Note: When clicking on a Digital Object Identifier (DOI) number, you will be taken to an external site maintained by the publisher.
Some full text articles may not yet be available without a charge during the embargo (administrative interval).
What is a DOI Number?
Some links on this page may take you to nonfederal websites. Their policies may differ from this site.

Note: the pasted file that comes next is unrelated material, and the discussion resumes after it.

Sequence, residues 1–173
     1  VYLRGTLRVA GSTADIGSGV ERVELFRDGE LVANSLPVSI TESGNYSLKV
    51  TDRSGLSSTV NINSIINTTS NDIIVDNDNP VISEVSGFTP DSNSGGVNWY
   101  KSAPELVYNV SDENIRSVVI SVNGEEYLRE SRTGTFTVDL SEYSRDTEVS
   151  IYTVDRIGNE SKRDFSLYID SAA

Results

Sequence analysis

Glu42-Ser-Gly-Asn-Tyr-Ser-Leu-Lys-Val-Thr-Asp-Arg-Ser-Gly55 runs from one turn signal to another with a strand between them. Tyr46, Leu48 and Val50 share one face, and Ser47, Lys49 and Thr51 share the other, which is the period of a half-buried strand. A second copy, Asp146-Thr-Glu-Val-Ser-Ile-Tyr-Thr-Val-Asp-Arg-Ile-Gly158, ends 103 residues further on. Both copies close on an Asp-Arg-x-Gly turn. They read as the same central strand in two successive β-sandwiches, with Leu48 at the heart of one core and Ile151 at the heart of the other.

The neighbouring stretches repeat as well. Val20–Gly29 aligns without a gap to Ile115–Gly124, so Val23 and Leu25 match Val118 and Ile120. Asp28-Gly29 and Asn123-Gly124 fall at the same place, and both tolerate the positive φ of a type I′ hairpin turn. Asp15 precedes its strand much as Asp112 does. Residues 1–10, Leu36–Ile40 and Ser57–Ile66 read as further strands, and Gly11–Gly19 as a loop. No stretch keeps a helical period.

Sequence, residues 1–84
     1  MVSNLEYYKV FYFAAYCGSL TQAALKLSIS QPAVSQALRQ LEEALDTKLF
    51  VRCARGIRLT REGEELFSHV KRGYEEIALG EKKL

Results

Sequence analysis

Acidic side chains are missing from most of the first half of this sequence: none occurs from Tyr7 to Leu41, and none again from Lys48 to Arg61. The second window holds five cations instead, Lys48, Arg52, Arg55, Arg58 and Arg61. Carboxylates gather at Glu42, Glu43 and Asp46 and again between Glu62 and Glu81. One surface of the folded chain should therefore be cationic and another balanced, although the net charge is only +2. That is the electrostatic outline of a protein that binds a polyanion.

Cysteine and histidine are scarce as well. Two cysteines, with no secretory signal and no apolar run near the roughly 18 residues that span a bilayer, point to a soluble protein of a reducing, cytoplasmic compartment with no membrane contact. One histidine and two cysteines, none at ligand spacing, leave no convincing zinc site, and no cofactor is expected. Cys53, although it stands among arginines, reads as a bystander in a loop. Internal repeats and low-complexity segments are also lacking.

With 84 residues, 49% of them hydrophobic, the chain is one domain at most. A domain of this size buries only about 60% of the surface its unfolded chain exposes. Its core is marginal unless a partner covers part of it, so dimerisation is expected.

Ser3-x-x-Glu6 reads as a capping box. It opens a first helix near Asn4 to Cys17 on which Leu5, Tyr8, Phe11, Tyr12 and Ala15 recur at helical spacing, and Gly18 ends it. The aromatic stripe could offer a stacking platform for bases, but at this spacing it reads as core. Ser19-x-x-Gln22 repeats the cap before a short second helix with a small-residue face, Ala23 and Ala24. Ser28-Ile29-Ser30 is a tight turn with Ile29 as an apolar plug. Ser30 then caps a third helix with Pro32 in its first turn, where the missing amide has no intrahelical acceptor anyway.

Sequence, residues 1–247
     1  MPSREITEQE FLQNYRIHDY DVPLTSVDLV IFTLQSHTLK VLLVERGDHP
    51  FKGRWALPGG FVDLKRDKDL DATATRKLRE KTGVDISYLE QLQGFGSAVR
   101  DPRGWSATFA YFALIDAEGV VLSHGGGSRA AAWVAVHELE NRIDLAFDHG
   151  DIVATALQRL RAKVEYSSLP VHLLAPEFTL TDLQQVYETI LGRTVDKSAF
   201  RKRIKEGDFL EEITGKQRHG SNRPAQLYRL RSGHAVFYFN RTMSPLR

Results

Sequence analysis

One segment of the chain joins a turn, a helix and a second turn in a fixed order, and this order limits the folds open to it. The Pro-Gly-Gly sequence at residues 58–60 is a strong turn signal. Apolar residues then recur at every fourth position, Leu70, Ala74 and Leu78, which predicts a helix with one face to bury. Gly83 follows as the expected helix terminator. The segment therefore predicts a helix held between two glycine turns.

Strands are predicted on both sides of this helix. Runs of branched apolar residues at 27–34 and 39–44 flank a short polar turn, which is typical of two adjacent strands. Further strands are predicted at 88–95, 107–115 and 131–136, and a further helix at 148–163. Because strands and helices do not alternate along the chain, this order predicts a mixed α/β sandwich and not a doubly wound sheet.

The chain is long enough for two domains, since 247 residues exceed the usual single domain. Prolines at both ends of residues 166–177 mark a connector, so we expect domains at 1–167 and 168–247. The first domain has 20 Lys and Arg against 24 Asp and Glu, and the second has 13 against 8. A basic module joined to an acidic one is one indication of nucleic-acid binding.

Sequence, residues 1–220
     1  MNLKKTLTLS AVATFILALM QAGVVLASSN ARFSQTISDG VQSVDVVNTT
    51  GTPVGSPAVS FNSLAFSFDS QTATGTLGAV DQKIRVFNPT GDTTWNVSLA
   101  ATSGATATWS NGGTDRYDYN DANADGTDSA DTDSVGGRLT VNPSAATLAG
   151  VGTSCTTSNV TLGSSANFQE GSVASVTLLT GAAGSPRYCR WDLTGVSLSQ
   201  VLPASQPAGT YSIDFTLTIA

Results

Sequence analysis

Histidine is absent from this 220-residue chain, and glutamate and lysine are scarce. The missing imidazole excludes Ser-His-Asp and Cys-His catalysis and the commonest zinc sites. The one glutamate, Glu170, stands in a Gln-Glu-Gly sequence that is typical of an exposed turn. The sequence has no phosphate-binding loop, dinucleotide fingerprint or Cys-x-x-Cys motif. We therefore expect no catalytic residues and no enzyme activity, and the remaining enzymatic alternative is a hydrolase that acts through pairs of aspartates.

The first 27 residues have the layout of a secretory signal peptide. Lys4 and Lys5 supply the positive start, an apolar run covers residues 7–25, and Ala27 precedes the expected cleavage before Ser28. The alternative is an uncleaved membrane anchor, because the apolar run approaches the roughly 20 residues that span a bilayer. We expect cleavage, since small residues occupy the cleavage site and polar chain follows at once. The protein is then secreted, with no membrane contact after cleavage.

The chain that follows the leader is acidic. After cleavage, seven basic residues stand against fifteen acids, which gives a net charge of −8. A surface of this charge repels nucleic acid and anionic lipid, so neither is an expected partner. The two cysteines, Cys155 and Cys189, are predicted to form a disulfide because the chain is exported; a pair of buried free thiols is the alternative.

In this paper, we consider two fundamental cut approximation problems on large graphs. We prove new lower bounds for both problems that are optimal up to logarithmic factors. The first problem is approximating cuts in balanced directed graphs, where the goal is to build a data structure to provide a $(1 \pm \epsilon)$estimation of the cut values of a graph on $n$ vertices. For this problem, there are tight bounds for undirected graphs, but for directed graphs, such a data structure requires $\Omega(n^2)$ bits even for constant $\epsilon$. To cope with this, recent works consider $\beta$balanced graphs, meaning that for every directed cut, the total weight of edges in one direction is at most $\beta$ times the total weight in the other direction. We consider the foreach model, where the goal is to approximate a fixed cut with high probability, and the forall model, where the data structure must simultaneously preserve all cuts. We improve the previous $\Omega(n \sqrt{\beta/\epsilon})$ lower bound in the foreach model to $\tilde\Omega(n \sqrt{\beta}/\epsilon)$ and we improve the previous $\Omega(n \beta/\epsilon)$ lower bound in the forall model to $\Omega(n \beta/\epsilon^2)$. This resolves the main open questions of (Cen et al., ICALP, 2021). The second problem is approximating the global minimum cut in the local query model where we can only access the graph through degree, edge, and adjacency queries. We prove an $\Omega(\min\{m, \frac{m}{\epsilon^2 k}\})$ lower bound for this problem, which improves the previous $\Omega(\frac{m}{k})$ lower bound, where $m$ is the number of edges of the graph, $k$ is the minimum cut size, and we seek a $(1+\epsilon)$approximation. In addition, we observe that existing upper bounds with minor modifications match our lower bound up to logarithmic factors.more » « less